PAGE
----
Furthermore, Jonathan Litman quite literally cleaned up the streets, taking previous dumping grounds, and therefore breading grounds for trouble…he disposed of all the communities rubbish, flattened the floors around those areas and created them into designated ‘tagging’ spots for graffiti artists: the result, is that no-one litters there and instead create art.
It’s attracted other charitable programmes and international NGO’s too, such as the Tony Hawks Foundation that currently has three ‘learn and skate’ projects in the world: one based in the heart of Maboneng whereby children can go after school and for every hour of school work they complete that can learn to skate for one hour thus keeping kids entertained, educated and off the streets.
This is the definition of a grassroots campaign. Perhaps even a grassroots gentrification - the good type we don’t hear about anymore.
At no point have the government invested money into any of this now thriving area, it has all been from the community and private investors. There are opportunities for people to open their businesses independently, practise their art, and live with their family where they work for affordable prices.
The plan is to extent the community North and South until the district stretches for many blocks, and will / is certainly helping to create an economy for the all. It’s all about integration of everyone, regardless of age, colour, religion, class… a place where those who want a chance, can get one. An inclusive area where people drink coffees outside cafes together, share home-made pizzas, explore galleries and book shops. It is a safe space that with the likes of Uber have made accessible and easy to access too, therefore creating many many daily visitors. It is the only place in all of our Africa trip, we were advised we COULD walk the streets in safety.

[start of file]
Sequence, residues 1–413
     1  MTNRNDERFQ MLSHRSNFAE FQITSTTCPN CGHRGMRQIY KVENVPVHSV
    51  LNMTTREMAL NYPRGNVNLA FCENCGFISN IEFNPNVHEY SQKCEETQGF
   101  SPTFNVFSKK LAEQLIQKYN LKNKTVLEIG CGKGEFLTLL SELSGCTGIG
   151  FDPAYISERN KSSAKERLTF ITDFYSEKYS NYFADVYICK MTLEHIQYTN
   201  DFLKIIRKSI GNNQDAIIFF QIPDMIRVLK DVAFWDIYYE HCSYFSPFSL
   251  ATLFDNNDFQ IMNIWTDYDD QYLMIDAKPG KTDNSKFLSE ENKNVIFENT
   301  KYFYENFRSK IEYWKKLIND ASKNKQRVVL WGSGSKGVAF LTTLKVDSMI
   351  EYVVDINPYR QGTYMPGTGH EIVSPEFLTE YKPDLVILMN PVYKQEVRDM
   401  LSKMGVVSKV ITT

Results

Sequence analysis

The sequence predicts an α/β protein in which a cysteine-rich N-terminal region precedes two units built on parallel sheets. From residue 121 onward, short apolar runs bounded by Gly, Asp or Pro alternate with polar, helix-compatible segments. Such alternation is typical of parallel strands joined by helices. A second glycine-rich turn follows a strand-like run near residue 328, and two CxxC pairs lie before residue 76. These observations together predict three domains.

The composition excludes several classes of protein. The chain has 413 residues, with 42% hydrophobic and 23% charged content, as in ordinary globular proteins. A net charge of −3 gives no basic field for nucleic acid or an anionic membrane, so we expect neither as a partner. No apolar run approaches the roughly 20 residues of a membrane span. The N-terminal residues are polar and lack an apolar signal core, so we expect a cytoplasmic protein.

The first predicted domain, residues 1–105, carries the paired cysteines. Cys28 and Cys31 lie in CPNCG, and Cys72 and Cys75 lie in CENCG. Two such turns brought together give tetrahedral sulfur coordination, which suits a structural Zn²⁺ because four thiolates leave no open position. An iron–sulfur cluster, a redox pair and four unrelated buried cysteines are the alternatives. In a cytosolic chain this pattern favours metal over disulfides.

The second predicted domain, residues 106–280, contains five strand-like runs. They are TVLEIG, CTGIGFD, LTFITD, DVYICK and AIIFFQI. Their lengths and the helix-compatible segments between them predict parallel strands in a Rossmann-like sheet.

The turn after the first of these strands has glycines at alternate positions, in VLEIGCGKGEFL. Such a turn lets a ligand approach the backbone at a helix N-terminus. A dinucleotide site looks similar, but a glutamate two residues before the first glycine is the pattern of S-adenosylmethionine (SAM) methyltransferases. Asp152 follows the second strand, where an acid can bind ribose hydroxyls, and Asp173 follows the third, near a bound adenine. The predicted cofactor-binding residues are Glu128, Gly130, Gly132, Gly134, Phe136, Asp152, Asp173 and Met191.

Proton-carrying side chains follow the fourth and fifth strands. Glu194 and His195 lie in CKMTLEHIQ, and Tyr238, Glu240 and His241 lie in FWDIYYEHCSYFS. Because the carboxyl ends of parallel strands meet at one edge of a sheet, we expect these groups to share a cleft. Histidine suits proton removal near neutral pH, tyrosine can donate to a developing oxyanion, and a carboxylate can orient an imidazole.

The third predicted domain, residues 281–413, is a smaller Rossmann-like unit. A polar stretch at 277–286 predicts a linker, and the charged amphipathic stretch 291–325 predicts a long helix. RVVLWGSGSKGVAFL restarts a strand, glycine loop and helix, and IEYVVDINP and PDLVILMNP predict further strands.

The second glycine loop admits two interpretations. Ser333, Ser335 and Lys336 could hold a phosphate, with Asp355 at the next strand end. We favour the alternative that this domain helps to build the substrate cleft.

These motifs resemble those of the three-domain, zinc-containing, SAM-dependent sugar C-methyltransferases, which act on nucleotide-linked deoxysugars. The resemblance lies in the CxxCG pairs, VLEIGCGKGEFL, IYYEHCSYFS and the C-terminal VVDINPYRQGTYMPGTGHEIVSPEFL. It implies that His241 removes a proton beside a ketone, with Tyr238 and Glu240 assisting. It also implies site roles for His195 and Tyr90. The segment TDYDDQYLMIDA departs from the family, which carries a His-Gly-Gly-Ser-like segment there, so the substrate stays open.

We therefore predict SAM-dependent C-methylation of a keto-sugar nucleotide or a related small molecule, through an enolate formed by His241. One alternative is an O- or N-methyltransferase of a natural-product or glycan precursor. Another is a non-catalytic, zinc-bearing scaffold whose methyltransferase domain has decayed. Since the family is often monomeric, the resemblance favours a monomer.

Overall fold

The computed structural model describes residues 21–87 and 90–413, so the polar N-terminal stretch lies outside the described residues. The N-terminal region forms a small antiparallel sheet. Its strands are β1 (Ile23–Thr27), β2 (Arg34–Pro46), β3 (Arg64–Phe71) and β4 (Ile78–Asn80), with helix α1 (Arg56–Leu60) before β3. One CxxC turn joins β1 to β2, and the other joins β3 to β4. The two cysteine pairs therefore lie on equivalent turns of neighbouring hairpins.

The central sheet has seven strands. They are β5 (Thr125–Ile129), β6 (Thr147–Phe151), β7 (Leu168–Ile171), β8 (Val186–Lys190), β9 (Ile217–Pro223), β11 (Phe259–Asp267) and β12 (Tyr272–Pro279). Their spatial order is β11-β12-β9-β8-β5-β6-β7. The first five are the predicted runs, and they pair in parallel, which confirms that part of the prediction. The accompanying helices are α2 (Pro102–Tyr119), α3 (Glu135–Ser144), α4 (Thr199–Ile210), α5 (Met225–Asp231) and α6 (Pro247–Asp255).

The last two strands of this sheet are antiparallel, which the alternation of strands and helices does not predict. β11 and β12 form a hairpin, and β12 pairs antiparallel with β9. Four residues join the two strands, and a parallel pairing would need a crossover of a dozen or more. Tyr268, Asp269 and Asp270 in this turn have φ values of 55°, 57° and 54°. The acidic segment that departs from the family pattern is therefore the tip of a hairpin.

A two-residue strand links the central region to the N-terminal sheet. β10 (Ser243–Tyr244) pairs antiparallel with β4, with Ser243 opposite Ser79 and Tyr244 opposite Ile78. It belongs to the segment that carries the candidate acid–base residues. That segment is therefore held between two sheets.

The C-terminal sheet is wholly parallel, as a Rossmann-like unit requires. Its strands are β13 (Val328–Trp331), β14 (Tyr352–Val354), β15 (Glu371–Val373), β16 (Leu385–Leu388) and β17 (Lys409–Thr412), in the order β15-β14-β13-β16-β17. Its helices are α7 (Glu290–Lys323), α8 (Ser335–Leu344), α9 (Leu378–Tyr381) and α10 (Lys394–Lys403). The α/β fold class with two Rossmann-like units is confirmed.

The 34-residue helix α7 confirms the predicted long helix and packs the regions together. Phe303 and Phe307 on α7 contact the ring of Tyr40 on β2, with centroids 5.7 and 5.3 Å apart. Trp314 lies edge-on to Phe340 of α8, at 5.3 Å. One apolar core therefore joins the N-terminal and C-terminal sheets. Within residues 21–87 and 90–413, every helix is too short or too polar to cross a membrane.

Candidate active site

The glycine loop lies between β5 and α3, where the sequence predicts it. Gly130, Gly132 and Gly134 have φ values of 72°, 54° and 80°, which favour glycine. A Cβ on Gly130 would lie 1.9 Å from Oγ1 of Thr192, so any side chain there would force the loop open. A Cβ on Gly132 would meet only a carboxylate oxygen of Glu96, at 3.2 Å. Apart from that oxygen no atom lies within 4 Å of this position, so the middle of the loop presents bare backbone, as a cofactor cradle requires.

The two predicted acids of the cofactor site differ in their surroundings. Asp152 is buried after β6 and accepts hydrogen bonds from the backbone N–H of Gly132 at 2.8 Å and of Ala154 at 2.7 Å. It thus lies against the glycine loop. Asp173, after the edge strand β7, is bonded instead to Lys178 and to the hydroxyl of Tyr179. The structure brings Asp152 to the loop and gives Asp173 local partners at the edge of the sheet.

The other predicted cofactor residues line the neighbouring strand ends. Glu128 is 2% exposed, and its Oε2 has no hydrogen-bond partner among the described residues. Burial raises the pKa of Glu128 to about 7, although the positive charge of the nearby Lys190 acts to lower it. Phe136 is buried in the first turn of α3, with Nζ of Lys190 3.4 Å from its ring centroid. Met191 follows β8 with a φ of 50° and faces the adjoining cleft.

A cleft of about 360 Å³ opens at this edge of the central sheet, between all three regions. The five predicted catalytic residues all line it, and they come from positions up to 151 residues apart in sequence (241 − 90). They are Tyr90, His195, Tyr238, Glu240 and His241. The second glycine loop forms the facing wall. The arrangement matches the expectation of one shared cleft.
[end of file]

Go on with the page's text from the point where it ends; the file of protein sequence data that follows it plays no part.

Maboneng stands colourful, creative, loud and proud. It is quite simply a fantastic model of a system that can function for the many not for the few: an all-inclusive community built upon creativity and void of any Government of co-operate self interests.
I was stunned to learn how this artistic hive had come about, stemming from one guys selfless dream, and clever approach. Thought through in order to keep it sustainable and in order to grow and expand. It’s magnificent really. I can’t wait to re-visit Maboneng and see how it’s grown along with it’s lovely community.
8th of September EDIT:
I have returned from Botswana, and due to our flight leaving from Jo-burg airport, we are in the exact same building as we last stayed, in the centre of the Maboneng district, and this time, there is a film festival.
Certainly here I am seeing by far the trendiest looking people I have seen this whole trip, reminiscent of walking the streets of London during fashion week, everyone looking so smart and dapper.
There are events on everywhere, people walking from one to the other, as though we were not in the middle of crime ridden South Africa, where it is a gamble of life and death to not ‘uber’ even three minutes in any other area except the Maboneng district.
The scenes are so fresh and vibrant and incredibly artistic, it’s overwhelming. The district could be transported to any developed city in Europe, make sense, but then also still look authentically better, because let’s face it… these people have some serious style.